SPORT­ING CHANCE FOR PUPILS

The gov­ern­ment has in­jected £1.6mil­lion into sport in Bucks pri­mary schools. LAURA MOWAT, CAMILLA GOOD­MAN, JO-ANNE ROWNEY and LOR­CAN LOVETT find out where the money is go­ing and how our schools will hope­fully pro­duce the Olympic stars of the fu­ture

Buckinghamshire Advertiser - - FRONT PAGE -

CHIL­DREN in pri­mary schools will get more op­por­tu­ni­ties to play sport thanks to a ma­jor in­jec­tion of gov­ern­ment cash.

The Depart­ment for Ed­u­ca­tion (DfE) has in­vested £24mil­lion in sport for pri­mary schools in the south east spread over three years.

The money comes from the depart­ment’s pot for PE and Sports Pre­mium and a typ­i­cal pri­mary with 250 pupils will re­ceive £9,000.

Head­teach­ers can use the money to buy new equip­ment and of­fer a wider se­lec­tion of sports and free after-school clubs.

Ac­cord­ing to the DfE, the majority of schools have im­proved the qual­ity of PE lessons as a re­sult of the fund­ing and more than 90 per cent have re­ported im­prove­ments in chil­dren’s health, be­hav­iour and life­style.

Ac­cord­ing to the min­is­ter for chil­dren and fam­i­lies, Ed­ward Timp­son, pri­mary schools are de­liv­er­ing bet­ter qual­ity lessons as a re­sult of the ex­tra money, and de­vot­ing more time to PE.

Schools have to publish on their web­site what they spend the money on.

Chiltern Har­ri­ers Ath­letic Club mem­bers work with sev­eral schools in the county, with vol­un­teers train­ing about 250 chil­dren.

Club sec­re­tary and race di­rec­tor of the up­com­ing Her­bert’s Hole, which takes place in Lown­des Park on Sun­day, Tony Molesworth, thinks the in­vest­ment in sports equip­ment is great news.

He said: “I think this very much is a good thing. There’s a lot of in­ter­est grow­ing in sport which has fol­lowed on from the [London 2012 Olympics] Games, so any support in this di­rec­tion is tremen­dous.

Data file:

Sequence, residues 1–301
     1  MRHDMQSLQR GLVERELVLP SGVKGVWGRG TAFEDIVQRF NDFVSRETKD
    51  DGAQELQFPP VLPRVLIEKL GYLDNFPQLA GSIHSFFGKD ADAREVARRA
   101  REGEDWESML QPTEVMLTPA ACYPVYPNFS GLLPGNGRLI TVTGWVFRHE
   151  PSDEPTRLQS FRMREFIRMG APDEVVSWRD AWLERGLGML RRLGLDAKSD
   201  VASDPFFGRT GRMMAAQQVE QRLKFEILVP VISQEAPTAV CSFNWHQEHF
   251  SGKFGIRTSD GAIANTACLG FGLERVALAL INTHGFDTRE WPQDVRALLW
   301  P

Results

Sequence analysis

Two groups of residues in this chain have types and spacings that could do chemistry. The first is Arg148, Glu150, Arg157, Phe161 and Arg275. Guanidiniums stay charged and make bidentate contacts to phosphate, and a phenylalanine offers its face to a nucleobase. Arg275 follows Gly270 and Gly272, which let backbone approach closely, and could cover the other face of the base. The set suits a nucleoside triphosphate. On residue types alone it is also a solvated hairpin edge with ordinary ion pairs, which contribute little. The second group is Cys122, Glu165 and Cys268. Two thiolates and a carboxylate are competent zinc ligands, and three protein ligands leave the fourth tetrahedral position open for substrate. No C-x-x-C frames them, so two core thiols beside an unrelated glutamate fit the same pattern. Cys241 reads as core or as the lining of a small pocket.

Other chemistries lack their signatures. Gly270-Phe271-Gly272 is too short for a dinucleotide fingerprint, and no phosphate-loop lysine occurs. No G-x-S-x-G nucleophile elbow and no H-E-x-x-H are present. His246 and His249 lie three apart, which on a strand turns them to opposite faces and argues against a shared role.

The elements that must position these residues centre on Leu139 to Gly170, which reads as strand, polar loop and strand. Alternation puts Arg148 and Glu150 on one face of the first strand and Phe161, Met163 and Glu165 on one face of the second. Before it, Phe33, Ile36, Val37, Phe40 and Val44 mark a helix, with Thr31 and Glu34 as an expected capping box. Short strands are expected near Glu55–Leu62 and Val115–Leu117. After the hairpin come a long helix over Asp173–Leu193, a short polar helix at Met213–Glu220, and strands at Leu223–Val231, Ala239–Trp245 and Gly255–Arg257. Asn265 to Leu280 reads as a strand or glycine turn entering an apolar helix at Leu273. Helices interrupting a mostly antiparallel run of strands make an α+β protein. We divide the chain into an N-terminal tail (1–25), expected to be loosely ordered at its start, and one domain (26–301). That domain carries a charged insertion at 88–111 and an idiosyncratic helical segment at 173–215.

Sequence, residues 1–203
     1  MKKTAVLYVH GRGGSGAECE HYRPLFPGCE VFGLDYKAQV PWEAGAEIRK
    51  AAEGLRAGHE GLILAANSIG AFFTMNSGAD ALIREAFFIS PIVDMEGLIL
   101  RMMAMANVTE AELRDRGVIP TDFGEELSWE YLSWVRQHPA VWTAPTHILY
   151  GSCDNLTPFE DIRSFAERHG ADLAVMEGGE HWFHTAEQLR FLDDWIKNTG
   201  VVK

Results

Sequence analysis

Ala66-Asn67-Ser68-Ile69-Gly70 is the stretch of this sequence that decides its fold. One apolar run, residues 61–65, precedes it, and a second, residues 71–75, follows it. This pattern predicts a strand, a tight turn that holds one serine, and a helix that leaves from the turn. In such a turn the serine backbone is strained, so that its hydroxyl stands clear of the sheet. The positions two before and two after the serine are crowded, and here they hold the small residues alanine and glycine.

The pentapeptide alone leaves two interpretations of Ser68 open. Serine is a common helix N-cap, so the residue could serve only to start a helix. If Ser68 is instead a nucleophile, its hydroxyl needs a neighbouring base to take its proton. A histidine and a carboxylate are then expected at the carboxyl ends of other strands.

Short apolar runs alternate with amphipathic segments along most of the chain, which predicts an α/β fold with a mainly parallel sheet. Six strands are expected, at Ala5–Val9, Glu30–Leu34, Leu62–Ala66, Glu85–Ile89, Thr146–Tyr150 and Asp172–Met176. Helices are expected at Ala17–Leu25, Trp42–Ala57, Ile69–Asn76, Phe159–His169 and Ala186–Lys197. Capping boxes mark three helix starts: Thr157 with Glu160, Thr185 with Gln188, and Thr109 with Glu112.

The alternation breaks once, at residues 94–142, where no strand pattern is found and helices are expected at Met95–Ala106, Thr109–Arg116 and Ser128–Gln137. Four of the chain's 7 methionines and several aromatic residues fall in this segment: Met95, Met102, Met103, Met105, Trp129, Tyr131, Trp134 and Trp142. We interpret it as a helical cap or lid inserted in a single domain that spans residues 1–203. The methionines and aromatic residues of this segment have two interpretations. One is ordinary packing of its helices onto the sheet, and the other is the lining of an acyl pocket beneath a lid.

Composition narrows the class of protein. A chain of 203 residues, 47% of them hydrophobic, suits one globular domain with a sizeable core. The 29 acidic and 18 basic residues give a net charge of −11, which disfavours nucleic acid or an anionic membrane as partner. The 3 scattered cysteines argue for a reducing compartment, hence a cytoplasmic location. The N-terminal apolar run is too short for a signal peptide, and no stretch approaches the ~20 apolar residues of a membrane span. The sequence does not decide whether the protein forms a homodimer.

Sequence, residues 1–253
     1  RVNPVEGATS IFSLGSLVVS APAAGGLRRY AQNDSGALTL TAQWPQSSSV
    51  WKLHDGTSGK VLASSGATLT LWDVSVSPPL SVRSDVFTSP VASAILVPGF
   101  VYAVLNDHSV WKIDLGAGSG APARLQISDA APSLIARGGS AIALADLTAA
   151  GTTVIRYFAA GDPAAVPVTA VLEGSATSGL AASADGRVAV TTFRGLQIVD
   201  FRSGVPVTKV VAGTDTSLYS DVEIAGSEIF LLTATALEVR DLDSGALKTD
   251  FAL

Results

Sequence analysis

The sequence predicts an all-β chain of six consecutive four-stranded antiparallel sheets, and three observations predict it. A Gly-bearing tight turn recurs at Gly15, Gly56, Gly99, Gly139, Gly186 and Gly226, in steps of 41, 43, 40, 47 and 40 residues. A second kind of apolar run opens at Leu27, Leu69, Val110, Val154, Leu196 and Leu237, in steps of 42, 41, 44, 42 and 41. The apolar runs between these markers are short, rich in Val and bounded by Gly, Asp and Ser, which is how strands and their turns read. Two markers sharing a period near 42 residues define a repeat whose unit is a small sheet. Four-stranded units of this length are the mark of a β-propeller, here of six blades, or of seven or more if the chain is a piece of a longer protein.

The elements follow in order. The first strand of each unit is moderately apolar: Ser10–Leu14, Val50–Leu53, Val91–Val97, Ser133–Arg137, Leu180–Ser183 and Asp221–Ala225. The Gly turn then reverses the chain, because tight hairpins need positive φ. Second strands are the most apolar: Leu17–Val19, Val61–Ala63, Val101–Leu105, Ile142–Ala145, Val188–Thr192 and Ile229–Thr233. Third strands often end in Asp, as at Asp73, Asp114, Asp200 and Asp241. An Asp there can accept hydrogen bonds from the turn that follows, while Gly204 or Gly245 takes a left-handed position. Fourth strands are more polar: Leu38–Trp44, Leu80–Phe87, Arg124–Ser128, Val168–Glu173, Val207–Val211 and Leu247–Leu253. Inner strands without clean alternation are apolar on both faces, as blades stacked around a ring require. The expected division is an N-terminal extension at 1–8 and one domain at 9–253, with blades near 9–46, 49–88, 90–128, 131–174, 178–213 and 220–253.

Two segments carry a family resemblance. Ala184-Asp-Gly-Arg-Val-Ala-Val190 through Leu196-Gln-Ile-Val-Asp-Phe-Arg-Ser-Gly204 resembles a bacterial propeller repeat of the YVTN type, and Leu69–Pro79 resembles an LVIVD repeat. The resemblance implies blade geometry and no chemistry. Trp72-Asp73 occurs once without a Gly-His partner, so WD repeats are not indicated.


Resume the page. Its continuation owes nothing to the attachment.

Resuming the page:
“If chil­dren start sport young it’ll stick with them right through life, it’s a very pos­i­tive move.

“I think chil­dren do­ing sport at school is ab­so­lutely vi­tal in this day and age be­cause of the prob­lem of obe­sity and chil­dren choos­ing to sit in front of com­put­ers, so schools of­fer­ing fit­ness and a healthy life­style is vi­tal.

“You need to start chil­dren do­ing sport young so it be­comes a part of their life, oth­er­wise it slips them by and they may not have another op­por­tu­nity.”

Mr Molesworth would like to see some of the cash spent on build­ing an ath­let­ics track in Chiltern.

He added: “Our par­tic­u­lar con­cern is that there’s not a run­ning fa­cil­ity or track in Chiltern, the clos­est ones we train at are in Wat­ford, Hemel Hemp­stead and High Wy­combe.

“It’d be tremen­dous to have a track fa­cil­ity in the com­mu­nity, not only for our club but for schools as well. I think it would prob­a­bly have to be built at a school any­way so that it can be prop­erly looked after.”